Malawi Government has said it will continue discussions on the dispute over Lake Malawi despite Tanzania launching a new map that shows that its boundary passes through the middle of the northern part of the lake.
Although Tanzanian authorities have said the new map solves the dispute, the countryâ€™s High Commissioner to Lilongwe Patrick Tsere played down the latest comments from Dar es salaam.
In an interview from the United States where President Joyce Banda is attending the United Nations (UN) General Assembly, Minister of Foreign Affairs and International Cooperation Ephraim Chiume said Malawi still feels the matter should be determined by the International Court of Justice (ICJ).
â€œMalawi will continue with the diplomatic initiative, wherever possible and necessary. Since the dispute is based on the interpretation of the July 1 1890 Treaty, we feel that the only way it can be resolved is by referring it to the ICJ for determination,â€ said Chiume.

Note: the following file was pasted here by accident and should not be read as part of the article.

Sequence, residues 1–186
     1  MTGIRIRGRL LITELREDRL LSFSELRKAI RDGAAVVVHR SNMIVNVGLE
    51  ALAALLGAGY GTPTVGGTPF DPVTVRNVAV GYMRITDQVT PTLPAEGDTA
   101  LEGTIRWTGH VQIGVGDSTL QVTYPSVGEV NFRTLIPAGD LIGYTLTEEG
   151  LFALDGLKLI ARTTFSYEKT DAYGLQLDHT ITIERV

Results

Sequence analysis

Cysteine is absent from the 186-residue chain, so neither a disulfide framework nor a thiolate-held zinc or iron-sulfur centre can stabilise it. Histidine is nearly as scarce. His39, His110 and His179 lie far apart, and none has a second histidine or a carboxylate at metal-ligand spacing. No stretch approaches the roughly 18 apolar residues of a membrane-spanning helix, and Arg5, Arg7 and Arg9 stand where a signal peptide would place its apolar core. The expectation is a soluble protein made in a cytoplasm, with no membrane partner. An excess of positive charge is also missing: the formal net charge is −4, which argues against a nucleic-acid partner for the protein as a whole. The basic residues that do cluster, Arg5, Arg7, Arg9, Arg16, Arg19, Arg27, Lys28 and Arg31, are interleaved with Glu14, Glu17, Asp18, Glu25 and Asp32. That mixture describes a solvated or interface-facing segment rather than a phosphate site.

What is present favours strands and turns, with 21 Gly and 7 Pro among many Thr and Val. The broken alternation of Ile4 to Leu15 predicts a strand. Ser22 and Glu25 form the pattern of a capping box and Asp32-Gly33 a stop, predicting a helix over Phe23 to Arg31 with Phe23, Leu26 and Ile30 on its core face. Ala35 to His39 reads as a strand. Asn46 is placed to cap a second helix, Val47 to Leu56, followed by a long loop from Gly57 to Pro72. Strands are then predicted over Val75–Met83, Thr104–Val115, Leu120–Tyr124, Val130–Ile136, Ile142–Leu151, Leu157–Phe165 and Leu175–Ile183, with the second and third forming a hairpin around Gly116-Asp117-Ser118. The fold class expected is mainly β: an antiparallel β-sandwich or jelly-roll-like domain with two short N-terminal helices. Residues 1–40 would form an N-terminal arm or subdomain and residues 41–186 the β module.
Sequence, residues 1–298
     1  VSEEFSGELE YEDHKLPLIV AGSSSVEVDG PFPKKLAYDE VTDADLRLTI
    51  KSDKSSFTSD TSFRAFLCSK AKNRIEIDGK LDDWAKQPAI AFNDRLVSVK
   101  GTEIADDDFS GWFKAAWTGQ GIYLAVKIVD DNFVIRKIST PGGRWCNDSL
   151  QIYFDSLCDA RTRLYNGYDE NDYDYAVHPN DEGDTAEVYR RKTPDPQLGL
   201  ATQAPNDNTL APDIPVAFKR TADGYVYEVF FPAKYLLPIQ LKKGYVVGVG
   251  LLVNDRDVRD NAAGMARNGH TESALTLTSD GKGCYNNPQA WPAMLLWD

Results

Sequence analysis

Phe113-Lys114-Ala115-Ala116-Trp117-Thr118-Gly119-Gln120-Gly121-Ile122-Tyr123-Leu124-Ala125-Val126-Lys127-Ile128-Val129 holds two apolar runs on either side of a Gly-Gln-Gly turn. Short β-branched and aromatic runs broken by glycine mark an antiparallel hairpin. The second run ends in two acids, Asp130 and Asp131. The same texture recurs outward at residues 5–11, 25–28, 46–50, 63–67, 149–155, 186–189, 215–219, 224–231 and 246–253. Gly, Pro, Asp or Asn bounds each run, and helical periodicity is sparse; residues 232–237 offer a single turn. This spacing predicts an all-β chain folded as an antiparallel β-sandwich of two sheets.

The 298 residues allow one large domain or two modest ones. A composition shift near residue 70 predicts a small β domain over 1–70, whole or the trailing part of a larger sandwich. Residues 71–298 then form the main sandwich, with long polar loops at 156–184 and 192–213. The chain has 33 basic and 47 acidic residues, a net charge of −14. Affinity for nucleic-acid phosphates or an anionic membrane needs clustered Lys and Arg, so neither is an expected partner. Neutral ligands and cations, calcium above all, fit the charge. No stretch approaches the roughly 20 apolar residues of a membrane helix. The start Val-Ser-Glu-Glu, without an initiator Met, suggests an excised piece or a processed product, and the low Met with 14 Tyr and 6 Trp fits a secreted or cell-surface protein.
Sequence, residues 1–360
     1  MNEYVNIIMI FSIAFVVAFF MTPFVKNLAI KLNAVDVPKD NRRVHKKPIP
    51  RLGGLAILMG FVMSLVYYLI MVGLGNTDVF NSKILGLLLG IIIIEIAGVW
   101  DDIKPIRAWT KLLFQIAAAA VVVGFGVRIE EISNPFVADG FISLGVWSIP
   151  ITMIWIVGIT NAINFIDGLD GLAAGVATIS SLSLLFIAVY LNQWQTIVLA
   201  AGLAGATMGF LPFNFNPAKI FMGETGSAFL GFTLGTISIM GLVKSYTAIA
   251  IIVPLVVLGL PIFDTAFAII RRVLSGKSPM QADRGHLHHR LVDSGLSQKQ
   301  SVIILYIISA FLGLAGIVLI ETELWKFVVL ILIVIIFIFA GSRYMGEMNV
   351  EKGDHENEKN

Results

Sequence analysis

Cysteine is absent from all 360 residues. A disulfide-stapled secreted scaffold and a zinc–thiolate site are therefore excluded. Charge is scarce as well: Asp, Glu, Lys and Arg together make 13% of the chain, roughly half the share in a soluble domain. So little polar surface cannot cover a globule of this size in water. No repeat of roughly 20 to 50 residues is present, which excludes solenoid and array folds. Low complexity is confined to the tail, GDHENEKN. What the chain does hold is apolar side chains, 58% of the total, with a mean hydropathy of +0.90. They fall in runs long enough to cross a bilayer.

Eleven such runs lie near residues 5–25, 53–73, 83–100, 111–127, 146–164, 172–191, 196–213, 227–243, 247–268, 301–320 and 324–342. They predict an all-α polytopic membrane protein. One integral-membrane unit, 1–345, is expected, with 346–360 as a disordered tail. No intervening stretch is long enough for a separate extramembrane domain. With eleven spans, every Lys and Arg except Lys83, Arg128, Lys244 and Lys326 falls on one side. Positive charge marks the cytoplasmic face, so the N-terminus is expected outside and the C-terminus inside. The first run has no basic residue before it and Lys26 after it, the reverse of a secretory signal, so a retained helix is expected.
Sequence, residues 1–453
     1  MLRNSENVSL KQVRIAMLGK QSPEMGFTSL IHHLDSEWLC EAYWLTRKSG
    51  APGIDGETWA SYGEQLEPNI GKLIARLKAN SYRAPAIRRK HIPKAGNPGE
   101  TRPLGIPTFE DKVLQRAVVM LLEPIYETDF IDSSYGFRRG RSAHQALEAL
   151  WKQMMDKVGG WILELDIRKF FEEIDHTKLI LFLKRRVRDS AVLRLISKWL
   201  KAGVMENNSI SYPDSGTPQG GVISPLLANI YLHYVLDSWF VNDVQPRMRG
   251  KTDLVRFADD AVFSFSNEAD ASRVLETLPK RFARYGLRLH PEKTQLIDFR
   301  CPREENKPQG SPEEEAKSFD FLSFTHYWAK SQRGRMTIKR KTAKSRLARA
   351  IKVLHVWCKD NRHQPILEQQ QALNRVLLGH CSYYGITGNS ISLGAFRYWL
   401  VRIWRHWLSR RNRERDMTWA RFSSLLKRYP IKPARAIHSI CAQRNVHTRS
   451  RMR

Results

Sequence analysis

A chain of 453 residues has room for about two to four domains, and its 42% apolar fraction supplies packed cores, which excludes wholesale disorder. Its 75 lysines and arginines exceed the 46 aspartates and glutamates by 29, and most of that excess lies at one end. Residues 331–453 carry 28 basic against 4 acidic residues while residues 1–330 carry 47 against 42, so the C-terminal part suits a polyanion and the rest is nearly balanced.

He said the Malawi team will travel to Tanzania the week beginning October 7 2012 to consider legal opinion from the two countriesâ€™ Attorney Generals as arranged.
In a separate interview, Tsere said the new map only reflects boundaries that were already there.
â€œI know that the Tanzanian Government was to issue new maps, but this has nothing to do with the ongoing talks between Tanzania and Malawi. The map is just an updated version. Even the old map showed the same boundaries on the lake,â€ he said.
Tsere said the Tanzanian Government came up with the new map after it realised that a lot of institutions, including businesses were issuing their own maps, most of which did not have important features.